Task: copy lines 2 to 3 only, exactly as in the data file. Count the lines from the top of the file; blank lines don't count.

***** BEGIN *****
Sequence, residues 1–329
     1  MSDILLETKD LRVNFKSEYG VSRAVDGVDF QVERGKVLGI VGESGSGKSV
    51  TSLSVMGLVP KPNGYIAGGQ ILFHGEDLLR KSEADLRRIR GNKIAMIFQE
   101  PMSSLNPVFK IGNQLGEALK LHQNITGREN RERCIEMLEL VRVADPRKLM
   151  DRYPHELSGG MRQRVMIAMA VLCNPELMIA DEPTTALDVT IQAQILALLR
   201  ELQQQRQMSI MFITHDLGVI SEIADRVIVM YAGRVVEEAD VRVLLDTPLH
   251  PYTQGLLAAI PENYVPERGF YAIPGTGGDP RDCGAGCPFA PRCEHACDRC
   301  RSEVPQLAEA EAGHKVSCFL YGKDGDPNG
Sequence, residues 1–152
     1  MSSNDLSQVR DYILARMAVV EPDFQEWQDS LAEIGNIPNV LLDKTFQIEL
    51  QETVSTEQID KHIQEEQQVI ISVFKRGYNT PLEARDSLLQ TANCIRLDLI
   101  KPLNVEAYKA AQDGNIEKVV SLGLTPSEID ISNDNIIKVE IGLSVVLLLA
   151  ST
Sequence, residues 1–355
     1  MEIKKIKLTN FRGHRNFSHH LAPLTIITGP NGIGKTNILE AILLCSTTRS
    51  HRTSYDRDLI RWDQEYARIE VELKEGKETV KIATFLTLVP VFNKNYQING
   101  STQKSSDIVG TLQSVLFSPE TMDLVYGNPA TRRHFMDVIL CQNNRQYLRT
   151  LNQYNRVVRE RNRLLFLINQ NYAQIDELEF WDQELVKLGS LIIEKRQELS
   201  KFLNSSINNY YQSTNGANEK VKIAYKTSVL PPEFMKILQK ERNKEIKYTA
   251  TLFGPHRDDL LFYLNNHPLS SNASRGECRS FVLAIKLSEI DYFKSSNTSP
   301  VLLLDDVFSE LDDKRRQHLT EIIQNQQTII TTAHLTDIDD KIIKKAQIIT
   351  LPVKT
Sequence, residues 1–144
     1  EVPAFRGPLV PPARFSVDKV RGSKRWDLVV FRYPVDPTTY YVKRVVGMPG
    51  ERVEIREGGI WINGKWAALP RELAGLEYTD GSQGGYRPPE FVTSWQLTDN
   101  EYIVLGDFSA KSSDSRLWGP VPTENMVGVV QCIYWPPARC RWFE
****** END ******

     1  MSDILLETKD LRVNFKSEYG VSRAVDGVDF QVERGKVLGI VGESGSGKSV
    51  TSLSVMGLVP KPNGYIAGGQ ILFHGEDLLR KSEADLRRIR GNKIAMIFQE